The second half of verse 21 tells us what to expect when we do just this...we reach our destination, solid ground, the place we are heading.  The place He has assigned to us.

A few versions of this verse say that Jesus and His disciples reached their destination immediately.  I'd like to think that if we keep our eyes on the Lord and invite Him in to steer our ships, this too will happen for us.  But this isn't always the case.  In fact, rarely it is.  While it's true that sometimes we prolong our personal storms and delay our own journeys, sometimes there is no fast route out of troubled waters.  We just have to ride them out.

But don't stop here, there's more hope to be found.  The Greek word for "immediately" is "euthos."  And yes, it does translate to "immediately" and "shortly,"  but it also means "straightway."  Jesus is our straightway.  Through calm or sea, He is the one who makes our paths straight when we place our trust in Him.

(Proverbs 3:5-6:  "Trust in the Lord with all your heart; lean not onto your own understanding.  In all your ways acknowledge Him, and He will make your paths straight.")

Even in troubled waters, we have One who can walk upon them and carry us through them.  He keeps us afloat.  He is our straightway.

A few things I learned from this text is that we need to let God go before us and lead the way.  This means we may find ourselves in a season of waiting.  But, wait on Him.  His timing is perfect for you.  It may just keep you away from unnecessary storms and strife.  We also can't try to take on life's storms on our own.  Sometimes, we see and believe that Jesus walked (walks) on water, yet we stand by and are unwilling to let Him into our boats.  We fail to invite Him in.  The waters rise and we cry out in doubt and despair, yet never fully receive and believe (or ask for) the help He has to offer.  We have to let go.  Of dreams and plans we have of our own.  We tend to whiteknuckle them (as if they are better and wiser than His).  We have our own crooked destination and we rage on trying to swim (drown) our way there, contrary to the straightway and destination He has intended.  Let go and wait.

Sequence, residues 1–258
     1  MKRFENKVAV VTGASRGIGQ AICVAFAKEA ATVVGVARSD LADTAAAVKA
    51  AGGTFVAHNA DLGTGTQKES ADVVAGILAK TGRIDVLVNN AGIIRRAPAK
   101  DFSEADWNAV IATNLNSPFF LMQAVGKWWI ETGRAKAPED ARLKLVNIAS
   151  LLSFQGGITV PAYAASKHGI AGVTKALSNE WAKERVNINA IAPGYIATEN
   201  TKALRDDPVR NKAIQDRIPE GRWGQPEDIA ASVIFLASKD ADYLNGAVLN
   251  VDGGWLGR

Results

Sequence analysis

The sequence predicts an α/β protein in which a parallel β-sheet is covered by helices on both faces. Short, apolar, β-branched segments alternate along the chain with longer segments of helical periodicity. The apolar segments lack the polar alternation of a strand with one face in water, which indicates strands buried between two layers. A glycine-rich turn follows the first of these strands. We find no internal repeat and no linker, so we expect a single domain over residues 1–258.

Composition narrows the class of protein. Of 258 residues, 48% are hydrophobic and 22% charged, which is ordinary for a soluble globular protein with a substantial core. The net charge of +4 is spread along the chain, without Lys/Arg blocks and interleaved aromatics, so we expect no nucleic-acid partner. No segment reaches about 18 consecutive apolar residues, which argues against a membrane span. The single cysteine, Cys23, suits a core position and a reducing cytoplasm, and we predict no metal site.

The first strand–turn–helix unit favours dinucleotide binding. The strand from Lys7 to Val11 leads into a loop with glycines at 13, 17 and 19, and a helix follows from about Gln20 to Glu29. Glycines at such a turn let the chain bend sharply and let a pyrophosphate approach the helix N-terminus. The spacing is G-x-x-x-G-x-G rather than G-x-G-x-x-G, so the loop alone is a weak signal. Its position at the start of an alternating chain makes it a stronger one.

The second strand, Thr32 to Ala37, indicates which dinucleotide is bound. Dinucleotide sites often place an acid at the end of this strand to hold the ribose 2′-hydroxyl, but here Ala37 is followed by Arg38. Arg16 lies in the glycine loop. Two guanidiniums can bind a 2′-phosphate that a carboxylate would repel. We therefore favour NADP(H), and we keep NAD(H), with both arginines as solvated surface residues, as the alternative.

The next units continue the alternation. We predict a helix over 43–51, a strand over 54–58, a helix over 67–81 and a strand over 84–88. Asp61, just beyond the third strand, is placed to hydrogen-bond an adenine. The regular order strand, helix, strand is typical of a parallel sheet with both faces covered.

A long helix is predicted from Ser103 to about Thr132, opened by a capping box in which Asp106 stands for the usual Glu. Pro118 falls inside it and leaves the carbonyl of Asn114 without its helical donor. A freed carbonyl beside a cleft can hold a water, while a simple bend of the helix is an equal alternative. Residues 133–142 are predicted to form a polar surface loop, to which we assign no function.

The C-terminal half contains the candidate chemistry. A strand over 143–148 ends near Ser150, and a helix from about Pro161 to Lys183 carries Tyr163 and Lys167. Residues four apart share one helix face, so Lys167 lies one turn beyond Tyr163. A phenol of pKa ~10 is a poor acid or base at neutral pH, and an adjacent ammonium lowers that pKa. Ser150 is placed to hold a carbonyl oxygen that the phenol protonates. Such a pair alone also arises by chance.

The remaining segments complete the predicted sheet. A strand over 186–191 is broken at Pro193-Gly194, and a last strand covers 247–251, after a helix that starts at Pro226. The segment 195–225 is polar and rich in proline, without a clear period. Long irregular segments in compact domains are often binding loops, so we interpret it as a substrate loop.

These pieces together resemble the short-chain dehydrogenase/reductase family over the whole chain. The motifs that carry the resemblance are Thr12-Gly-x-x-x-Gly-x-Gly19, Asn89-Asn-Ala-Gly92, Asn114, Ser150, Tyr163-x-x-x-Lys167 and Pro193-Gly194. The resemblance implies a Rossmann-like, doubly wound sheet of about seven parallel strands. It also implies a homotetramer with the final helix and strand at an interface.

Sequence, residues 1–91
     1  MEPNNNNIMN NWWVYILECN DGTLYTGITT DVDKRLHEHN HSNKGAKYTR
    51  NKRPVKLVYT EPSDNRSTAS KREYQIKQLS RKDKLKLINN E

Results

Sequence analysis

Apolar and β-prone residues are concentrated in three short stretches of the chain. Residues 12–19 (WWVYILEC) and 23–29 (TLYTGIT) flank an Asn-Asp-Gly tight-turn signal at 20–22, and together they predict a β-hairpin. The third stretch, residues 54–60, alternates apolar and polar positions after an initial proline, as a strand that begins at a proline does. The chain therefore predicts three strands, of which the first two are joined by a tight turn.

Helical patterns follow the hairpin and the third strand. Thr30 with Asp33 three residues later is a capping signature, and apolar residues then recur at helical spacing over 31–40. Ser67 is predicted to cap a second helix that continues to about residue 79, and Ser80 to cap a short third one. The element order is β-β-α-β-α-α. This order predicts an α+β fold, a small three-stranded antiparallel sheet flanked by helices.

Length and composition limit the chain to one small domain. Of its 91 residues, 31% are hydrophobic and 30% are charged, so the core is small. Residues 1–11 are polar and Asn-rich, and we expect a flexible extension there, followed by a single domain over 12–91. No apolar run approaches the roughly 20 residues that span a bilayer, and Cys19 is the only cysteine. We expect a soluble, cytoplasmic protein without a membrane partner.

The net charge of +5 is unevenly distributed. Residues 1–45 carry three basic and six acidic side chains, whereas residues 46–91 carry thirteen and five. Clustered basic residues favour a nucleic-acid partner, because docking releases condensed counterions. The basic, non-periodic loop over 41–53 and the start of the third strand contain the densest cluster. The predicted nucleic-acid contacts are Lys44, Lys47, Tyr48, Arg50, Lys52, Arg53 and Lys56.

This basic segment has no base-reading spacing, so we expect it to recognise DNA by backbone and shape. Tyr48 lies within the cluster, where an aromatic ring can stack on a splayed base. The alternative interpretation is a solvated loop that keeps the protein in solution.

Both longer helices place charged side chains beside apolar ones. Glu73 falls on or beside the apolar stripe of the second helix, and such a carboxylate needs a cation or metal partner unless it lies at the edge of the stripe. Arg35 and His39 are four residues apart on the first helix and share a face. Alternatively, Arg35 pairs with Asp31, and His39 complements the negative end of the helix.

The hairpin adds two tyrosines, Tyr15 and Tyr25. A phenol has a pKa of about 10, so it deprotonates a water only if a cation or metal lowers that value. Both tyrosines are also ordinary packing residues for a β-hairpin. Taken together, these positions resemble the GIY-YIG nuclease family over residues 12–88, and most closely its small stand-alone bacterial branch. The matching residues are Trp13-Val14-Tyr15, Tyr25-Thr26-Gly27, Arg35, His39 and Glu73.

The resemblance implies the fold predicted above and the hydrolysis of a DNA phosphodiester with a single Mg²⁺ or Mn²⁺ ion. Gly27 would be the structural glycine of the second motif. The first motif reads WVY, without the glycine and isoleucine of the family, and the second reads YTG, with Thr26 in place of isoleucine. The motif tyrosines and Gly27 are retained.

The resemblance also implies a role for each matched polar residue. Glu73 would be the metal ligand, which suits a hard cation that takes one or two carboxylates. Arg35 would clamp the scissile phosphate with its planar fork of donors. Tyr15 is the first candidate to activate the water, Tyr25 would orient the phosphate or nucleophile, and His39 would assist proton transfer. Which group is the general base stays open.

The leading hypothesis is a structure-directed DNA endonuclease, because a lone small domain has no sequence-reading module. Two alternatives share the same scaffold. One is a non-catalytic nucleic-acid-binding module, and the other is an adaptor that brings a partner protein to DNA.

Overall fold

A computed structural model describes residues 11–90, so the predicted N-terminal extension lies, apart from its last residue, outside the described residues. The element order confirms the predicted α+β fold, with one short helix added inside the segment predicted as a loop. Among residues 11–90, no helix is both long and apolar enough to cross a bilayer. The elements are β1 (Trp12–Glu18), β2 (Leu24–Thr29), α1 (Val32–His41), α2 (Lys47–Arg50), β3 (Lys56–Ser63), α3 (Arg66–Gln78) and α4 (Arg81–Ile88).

The Jesus Calling devotional today runs tandem to this scripture in many ways.  The author writes,

"When you are plagued by a persistent problem- one that goes on and on- view it as rich opportunity. An ongoing problem is like a tutor who is always by your side.  The learning possibilities are limited only by your willingness to be teachable.  In faith, thank Me (God) for your problem.  Ask Me to open your eyes and your heart to all that I am accomplishing through this difficulty.  Once you become grateful for a problem, it loses its power to drag you down..."

So, if you find yourself in troubled waters, here are a few practical tips:

*Keep your eyes on Jesus
*Ask God what it is He wants you to learn from this?  Ask Him to open your eyes to the ways He is growing and using you.  Surely, there is spiritual purpose in it.
*Invite Him into your heart, and into your storm.
*Take Him on board and let Him lead the way (the "straightway").  Receive Him and all that He has for you.

They don't call Him the "Calmer of the sea" for nothing.  When Jesus approached the boat that night, He told His disciples, "Don't be afraid. I am here!"  He is here for you too.   Be brave and don't lose heart.  Let Him walk on your troubled waters.  He is the Solid Ground we are after.  And in Him we are sure to find our true destination.

1 comment:

  1. Very good Christmas message. Christmas is a reminder to let Jesus lead us. Hope your family has a wonderful day.